Iran has warned the United States against attempting to seize the Grace 1 oil tanker on the high seas after it departed from Gibraltar following a six-week crisis. The Grace 1, which was renamed the Adrian Darya 1 over the weekend, left an anchorage off Gibraltar after dark on Sunday night after a court dismissed an attempt by the United States to have it impounded. This morning ship tracking data showed it heading slowly east, bound for the port of Kalamata in Greece. Asked about the possibility of the US seizing the vessel by force at sea, Abbas Mousavi, an Iranian foreign ministry spokesman, said: "Such an action, and even the talk of it...would endanger shipping safety in open seas "Iran has issued the necessary warnings through official channels, especially the Swiss embassy, to American officials not to commit such an error because it would have heavy consequences," he told Iranian television. A Royal Marine boarding party seized the Grace 1 after it sailed into Gibraltar's waters on July 4, sparking a weeks long standoff between Tehran and London that culminated in Iran seizing a British flagged tanker, the Stena Impero, in the Persian Gulf. The governments and Britain and Gibraltar said they suspected the vessel of carrying oil to Syria, in breach of sanctions against Bashar Assad's regime. Iran accused Britain of acting on behalf of the United States, which has tried to blockade Iranian oil exports as part of a "maximum pressure" policy against Tehran, and sent revolutionary corps gunboats to seize the Stena Impero, a British flagged tanker, in the gulf on July 19. However, Mr Mousavi on Monday denied the Stena Impero had been taken in a tit-for-tat action and said it would only be released after an Iranian court had reviewed "violations" it had committed. Heshmatollah Falahatpisheh, a member of the Iranian parliament's national security and foreign affairs committee, appeared to hint that the British tanker would be held for several more days or even weeks. "Until the Iranian oil tanker arrives at its destination the British must help end the crisis," Mr Falahatpisheh was quoted as saying by the semi-official ISNA news agency. "This means that the crisis with Britain is not over. Britain has the primary responsibility for ending the oil tanker crisis," he said. A Gibraltar court cleared the Grace 1 to proceed last week after assurances were provided that it would not sail to Syria. The United States then applied or the vessel to be impounded on the grounds that its cargo is controlled by the Iranian Revolutionary Guard Corps, which the US designates a terrorist organisation. The court rejected the application because Gibraltar is not within US jurisdiction.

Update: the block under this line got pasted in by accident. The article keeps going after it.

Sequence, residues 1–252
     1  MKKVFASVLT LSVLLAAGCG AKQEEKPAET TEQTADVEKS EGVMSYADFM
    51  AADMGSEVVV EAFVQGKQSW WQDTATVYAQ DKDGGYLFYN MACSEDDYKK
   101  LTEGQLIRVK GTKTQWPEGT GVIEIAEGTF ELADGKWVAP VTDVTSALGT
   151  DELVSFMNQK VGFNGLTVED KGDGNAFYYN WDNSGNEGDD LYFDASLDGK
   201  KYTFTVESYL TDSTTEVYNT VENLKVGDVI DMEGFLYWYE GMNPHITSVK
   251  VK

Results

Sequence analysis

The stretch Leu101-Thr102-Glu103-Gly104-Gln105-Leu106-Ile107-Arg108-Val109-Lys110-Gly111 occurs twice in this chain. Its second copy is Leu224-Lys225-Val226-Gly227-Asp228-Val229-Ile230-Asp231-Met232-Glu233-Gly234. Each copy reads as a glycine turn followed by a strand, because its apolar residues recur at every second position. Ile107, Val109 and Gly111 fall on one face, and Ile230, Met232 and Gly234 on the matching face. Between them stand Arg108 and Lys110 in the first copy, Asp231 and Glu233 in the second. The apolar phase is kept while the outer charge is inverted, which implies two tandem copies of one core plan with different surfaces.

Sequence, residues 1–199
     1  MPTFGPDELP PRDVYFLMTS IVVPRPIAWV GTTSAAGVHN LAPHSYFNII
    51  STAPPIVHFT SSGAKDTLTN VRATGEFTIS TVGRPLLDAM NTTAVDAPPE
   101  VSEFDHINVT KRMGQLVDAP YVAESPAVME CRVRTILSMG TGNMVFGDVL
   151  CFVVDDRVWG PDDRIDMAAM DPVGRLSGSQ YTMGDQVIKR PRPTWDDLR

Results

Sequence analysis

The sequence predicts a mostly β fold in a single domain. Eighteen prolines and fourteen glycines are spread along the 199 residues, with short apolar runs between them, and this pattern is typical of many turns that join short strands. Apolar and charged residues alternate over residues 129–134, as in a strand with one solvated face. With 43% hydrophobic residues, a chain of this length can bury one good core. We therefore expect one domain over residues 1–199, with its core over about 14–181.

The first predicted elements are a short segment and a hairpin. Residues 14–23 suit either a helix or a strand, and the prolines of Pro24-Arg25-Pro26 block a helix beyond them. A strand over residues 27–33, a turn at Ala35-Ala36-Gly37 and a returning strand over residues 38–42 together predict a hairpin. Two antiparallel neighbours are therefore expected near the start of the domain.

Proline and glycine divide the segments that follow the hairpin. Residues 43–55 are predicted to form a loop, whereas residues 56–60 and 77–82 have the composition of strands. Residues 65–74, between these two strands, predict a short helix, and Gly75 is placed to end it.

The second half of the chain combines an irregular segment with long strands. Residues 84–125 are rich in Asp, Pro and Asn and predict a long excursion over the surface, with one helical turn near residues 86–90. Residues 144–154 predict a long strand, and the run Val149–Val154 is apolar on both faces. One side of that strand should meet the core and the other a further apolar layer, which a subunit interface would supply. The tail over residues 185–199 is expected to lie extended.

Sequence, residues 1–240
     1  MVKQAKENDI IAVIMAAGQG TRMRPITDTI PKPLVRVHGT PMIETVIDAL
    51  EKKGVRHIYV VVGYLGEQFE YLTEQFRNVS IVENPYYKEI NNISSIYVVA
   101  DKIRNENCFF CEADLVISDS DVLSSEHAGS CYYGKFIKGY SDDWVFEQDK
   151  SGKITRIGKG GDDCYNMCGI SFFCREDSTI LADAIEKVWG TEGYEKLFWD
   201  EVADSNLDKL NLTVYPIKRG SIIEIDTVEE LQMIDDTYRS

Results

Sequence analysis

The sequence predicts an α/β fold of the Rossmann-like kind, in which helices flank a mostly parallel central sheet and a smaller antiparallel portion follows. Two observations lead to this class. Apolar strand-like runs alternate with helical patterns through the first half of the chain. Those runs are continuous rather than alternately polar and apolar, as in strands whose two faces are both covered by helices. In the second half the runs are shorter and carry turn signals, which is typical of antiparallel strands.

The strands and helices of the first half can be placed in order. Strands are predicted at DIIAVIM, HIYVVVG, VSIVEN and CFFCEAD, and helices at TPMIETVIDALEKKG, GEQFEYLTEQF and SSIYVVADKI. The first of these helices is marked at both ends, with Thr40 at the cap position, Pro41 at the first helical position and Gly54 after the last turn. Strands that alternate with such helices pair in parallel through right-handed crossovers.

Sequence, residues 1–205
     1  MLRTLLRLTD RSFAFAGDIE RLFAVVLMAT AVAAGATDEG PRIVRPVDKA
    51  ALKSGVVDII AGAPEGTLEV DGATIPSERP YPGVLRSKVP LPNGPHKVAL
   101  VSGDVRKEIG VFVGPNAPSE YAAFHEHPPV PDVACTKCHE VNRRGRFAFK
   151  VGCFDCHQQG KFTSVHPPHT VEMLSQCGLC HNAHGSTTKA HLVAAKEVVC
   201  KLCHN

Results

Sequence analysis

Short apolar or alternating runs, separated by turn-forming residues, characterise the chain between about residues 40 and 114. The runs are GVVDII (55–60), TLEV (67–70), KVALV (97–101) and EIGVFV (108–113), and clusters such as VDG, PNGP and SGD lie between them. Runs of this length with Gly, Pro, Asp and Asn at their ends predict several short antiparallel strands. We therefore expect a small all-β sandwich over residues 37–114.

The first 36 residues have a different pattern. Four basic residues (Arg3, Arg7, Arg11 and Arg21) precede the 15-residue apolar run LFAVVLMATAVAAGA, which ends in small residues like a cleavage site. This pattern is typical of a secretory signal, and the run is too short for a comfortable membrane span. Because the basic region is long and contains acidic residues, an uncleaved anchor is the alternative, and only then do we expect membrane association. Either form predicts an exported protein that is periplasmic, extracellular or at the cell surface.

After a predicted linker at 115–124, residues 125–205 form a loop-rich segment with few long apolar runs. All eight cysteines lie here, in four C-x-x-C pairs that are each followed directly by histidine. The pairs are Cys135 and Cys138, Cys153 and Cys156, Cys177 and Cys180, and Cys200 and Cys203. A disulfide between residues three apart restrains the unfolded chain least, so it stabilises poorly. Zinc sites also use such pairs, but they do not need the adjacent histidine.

POSTED AUGUST 19, 2019 5:13 AM